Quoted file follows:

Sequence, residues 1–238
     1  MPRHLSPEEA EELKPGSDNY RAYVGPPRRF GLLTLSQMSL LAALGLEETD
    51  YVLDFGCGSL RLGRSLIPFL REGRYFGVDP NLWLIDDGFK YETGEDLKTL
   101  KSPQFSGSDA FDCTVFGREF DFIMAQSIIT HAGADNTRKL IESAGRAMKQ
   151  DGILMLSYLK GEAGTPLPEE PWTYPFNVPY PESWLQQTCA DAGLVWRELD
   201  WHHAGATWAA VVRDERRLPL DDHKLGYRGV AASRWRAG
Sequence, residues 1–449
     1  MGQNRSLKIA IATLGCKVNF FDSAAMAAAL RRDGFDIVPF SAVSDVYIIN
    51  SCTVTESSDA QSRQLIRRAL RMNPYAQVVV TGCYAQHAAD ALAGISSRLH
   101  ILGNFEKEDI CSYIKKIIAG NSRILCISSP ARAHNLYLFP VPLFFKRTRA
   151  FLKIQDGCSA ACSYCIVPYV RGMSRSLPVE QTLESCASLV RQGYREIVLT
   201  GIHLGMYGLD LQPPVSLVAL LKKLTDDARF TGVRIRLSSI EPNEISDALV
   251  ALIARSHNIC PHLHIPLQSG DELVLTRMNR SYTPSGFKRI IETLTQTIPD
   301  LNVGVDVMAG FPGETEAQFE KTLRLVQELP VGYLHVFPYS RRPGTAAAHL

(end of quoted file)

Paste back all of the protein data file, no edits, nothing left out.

Sequence, residues 1–238
     1  MPRHLSPEEA EELKPGSDNY RAYVGPPRRF GLLTLSQMSL LAALGLEETD
    51  YVLDFGCGSL RLGRSLIPFL REGRYFGVDP NLWLIDDGFK YETGEDLKTL
   101  KSPQFSGSDA FDCTVFGREF DFIMAQSIIT HAGADNTRKL IESAGRAMKQ
   151  DGILMLSYLK GEAGTPLPEE PWTYPFNVPY PESWLQQTCA DAGLVWRELD
   201  WHHAGATWAA VVRDERRLPL DDHKLGYRGV AASRWRAG
Sequence, residues 1–449
     1  MGQNRSLKIA IATLGCKVNF FDSAAMAAAL RRDGFDIVPF SAVSDVYIIN
    51  SCTVTESSDA QSRQLIRRAL RMNPYAQVVV TGCYAQHAAD ALAGISSRLH
   101  ILGNFEKEDI CSYIKKIIAG NSRILCISSP ARAHNLYLFP VPLFFKRTRA
   151  FLKIQDGCSA ACSYCIVPYV RGMSRSLPVE QTLESCASLV RQGYREIVLT
   201  GIHLGMYGLD LQPPVSLVAL LKKLTDDARF TGVRIRLSSI EPNEISDALV
   251  ALIARSHNIC PHLHIPLQSG DELVLTRMNR SYTPSGFKRI IETLTQTIPD
   301  LNVGVDVMAG FPGETEAQFE KTLRLVQELP VGYLHVFPYS RRPGTAAAHL